It is tremendously hard to sue for defamation. And that’s a good thing.
Every once in a while, I’ll get someone calling my office wanting to sue someone because they were called a bad name or something, and I have to explain to them how the laws work in America.
Defamation includes libel (written) and slander (spoken). In order to win a case, I’d have to prove three things:
First, that the statement was false. This is usually the easiest thing to prove, but sometimes the thing being said is merely an opinion. “Joe is a jerk” is not true or false. “Joe is a pedophile” is a lie.
But there’s even more to it than that — you have to show that the person who made the statement knew that it was false. If they said it thinking that it was true, then that’s a defense. (Truth is always a defense against libel and slander).
And if the person who wrote or said this was a reporter, then you also have to show that they knew it was not true and they had “malicious intent” in spreading it.
That’s a tough standard — but even if you meet that, you still have two other burdens to overcome.
So the second thing is to show that other people believed it. If someone calls you a martian, then that’s clearly a lie. But if no one believes them, then what’s the point? The lie has to be believed by others.
And finally, you have to show that you were seriously harmed in some way and not just insulted. You need to show that because of the lie, you lost your job and people are throwing bricks at your house and spitting on you as you walk down the street. You have to prove damage.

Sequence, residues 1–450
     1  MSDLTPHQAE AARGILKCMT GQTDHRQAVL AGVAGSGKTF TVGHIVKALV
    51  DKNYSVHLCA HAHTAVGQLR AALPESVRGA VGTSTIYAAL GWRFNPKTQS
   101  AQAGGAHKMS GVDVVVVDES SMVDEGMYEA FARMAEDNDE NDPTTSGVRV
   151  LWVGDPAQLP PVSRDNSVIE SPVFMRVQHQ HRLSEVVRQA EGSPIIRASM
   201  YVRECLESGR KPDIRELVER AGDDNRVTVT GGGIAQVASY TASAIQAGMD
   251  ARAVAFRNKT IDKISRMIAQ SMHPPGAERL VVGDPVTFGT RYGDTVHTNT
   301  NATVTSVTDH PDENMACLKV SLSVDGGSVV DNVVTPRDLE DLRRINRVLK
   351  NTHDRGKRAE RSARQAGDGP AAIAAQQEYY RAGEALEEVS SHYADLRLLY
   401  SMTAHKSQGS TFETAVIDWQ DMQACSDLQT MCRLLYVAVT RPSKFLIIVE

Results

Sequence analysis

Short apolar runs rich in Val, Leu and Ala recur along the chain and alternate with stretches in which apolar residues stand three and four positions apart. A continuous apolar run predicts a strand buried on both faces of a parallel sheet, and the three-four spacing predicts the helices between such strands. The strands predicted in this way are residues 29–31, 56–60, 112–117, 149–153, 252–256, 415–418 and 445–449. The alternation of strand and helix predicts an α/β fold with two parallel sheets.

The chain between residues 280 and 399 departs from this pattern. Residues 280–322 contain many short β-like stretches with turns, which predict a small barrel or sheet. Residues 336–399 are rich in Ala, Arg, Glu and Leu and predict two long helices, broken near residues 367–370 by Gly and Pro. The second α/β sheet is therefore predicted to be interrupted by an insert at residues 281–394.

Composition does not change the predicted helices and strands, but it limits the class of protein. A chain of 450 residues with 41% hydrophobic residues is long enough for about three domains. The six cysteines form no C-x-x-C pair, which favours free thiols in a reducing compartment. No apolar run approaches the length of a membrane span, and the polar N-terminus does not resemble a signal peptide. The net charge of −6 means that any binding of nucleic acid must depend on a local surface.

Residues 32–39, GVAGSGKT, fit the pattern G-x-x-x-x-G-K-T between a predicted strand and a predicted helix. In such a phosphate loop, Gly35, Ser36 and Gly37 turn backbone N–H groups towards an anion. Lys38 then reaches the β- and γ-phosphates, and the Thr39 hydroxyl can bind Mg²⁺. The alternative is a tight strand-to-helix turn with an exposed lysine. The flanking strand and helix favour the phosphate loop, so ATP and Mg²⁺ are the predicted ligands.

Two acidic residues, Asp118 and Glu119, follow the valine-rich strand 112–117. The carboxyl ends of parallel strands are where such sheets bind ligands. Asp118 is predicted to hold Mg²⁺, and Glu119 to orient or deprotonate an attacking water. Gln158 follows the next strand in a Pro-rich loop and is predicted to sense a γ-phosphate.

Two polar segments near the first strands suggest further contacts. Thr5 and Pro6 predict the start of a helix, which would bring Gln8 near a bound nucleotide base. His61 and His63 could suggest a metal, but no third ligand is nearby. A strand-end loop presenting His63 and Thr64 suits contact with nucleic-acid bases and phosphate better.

So if someone says “Joe is gay” and it’s not true and the person who said it knows that it’s not true, you’ve met the first burden. If everyone believes it, then you’ve met the second burden. But if no one cares and you aren’t harmed in the slightest other than perhaps being upset or embarrassed or insulted, then you have no case.
So the next time someone says they want to sue for defamation and then complain that no lawyer will take the case, you’ll understand why.
Correction, “malicious intent” standard only applies to a public figure. Also, you can be sued if you don’t know the truth or falsity of the statement. Paper was recently sued because police gave us a name for a mugshot of “Joe Blow Sr.” …it was Joe Blow Jr. The Dad sued. He didn’t win, but he sued.
1. You’re correct about the public figure; sorry, that’s what I was thinking since papers usually write about public figures.
2. Just because you CAN sue doesn’t mean you will win. In all of the examples above, you could sue, but the law would be against you.